Lango fringe apron

Lango fringe apron
Other views of this artifact:

Accession Number:
North of Lake Kyoga
Cultural Group:
Date Made:
By 1925
Animal Hide Skin , Plant Fibre , Iron Metal , Brass Metal
Plaited , Bound , Twisted , Hammered , Bent
L = 662 mm, W tail strips = 4.2 mm, Th tail strips = 1.6 mm; belt body W = 10.3, th = 9.2 mm; chain length = 125 mm, links 8 mm across, W = 3.5 mm, Th = 1 mm, diam cord = 1.8 mm [RTS 30/7/2004].
221.6 g
Local Name:
achudi del ?ariko
Other Owners:
Collected by Jack Herbert Driberg.
Field Collector:
Jack Herbert Driberg
PRM Source:
Jack Herbert Driberg
Donated 1925
Collected Date:
By 1925
Belt made from three strips of brown animal hide with some light buff coloured hair on the surface (Pantone 7507C), plaited tightly together to create a herringbone pattern and bent into a loop that would fit around the waist. The ends of the loop have been crossed over, with the long hide strips beyond this point left unplaited. This part is often bound into a stiff 'tail' that extends out behind the back; in this case, the hide strips are stiff enough to project out on their own, which they do for a further 240 mm. One of the strips has been wound three times around the junction between belt loop and 'tail' to hold the belt in place, its loose end tucked underneath the binding to secure it.

An apron made of a series of iron chains that hang down to form a fringe has been attached to the centre of the belt opposite the tail. Both hide and chains are heavily coated with red ochre (Pantone 478C). The chains are sewn to the belt with a thick cord of twisted two stranded yellowish brown plant fibre (Pantone 463C); the ends of this are pushed through the belt body and left hanging loose behind. There are 16 lengths of iron chain, each composed of from 16 to 23 oval loops, somewhat irregular in size, made from short rectangular pieces of iron bent into loops with closed ends. A single brass link has been introduced into one chain; it is not clear if this is original or a repair, but note that a similar single brass loop was present on another woman's apron of this kind (see 1940.12.599). The ends of some of these chains have been fastened together using a series of horizontal links along the base of the fringe. Some of these appear to have broken, and some chains may not be their original length. Otherwise the object appears to be complete. The iron links are quite badly rusted. The apron has a weight of 221.6 grams and is 662 mm long. The strips making up the tail are 4.2 mm wide and 1.6 mm thick; the belt body is 10.3 by 9.2 mm wide; the cord has a diameter of 1.8 mm; the chain apron has a maximum length of 125 mm and the links measure 8 mm across and are made from pieces 3.5 mm wide and 1 mm thick.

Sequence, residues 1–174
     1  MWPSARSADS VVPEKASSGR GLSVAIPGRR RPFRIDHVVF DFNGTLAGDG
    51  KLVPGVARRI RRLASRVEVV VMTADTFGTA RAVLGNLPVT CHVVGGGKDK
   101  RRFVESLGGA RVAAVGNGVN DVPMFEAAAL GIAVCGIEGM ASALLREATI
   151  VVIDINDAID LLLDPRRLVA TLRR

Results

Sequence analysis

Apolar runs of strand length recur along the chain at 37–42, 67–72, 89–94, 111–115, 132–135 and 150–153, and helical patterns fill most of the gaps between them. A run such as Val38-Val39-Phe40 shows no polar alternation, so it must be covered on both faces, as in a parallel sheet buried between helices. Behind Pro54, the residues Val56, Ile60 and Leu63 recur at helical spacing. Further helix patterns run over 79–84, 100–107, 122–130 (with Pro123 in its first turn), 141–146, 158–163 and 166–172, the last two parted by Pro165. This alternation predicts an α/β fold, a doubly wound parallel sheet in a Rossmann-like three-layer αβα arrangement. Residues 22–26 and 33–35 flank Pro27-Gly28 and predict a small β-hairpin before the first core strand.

Collected by Jack Herbert Driberg in Uganda, North of Lake Kyoga, and donated to the Pitt Rivers Museum in 1925.

This type of apron was worn by an unmarried girl, and is called
ariko. the girdle part is known as del, the tail is achudi. Driberg describes this type of garment in his book on the Ugandan Lango: “From about the age of five girls wear over the pudenda a few strings or threads (called chip) made from the hibiscus, increasing in number with the age of the wearer. There are attached to a thin leather girdle ( del ) which is fastened behind and twisted into a stick-like leather continuation ( achudi) which projects backwards. If the father is prosperous, an unmarried girl wears an ariko , or apron of small metal chains in place of threads. It is given her by her father, and is increased in size according as he can get more chains made, an apron ten chains wide costing one goat. It is wearable until the woman has borne two children; but generally, when she marries, the husband takes it, and if he has a younger sister gives it to her; if not, he sells it" (J.H. Driberg 1923, The Lango, pp 64-65 and the plate facing p. 86).

According to Driberg,
achudi is simply defined as a protuberance or projection. Achudi del is specifically the projecting ends of this type of girdle (J.H. Driberg, 1923, The Lango, p. 359, defined in his Lango-English dictionary at the back of the volume).

For a similar chain apron, see 1925.14.8. A similar object (but lacking the tail) is shown worn by a Bari sculpture, acquired on or before 1861 (E. Castelli, 1987, "Bari Statuary. The Influence exerted by European Traders on the Traditional Production of Figured Objects",
RES 14, fig. 1-2).

Rachael Sparks 25/9/2005.

Primary Documentation:
Accession Book Entry [VII, p. 189] - 1925 [pencil insert] 14 [end insert] J.H. DRIBERG , Esq. c/o the Postmaster, Khartoum. Specimens collected by himself among the LANGO tribe in the UGANDA PROTECTORATE, N. of LAKE KIOGA. Viz: [...] 1925.203, 204 [pencil insert] 7-8 [end insert] - [1 of] 2 similar girdles [married woman's girdle of plaited hide] ( del ) with apron fringe of iron chain-work, & 'tail' ( achudi ).
Additional Accession Book Entry [VII, p. 25 top, in pencil] - blue numbers not valid & not on specimens. Inserted by an assistant in error.

Card Catalogue Entry - There is no further information on the catalogue card [RTS 24/5/2004].

Old Pitt Rivers Museum label - Ariko , apron of chains worn by an unmarried girl. The stiff ends of the girdle stand out behind like a tail. LANGO tribe. UGANDA PROT. (N. of L[ake] KIOGA). Pres. by J.H. Driberg, 1925. The girdle = del . The 'tail' = achudi [sketch of girdle being worn] [rectangular metal edged tag, tied to object; see comment below, RTS 10/6/2004].

Funded by Arts and Humanities Research Council
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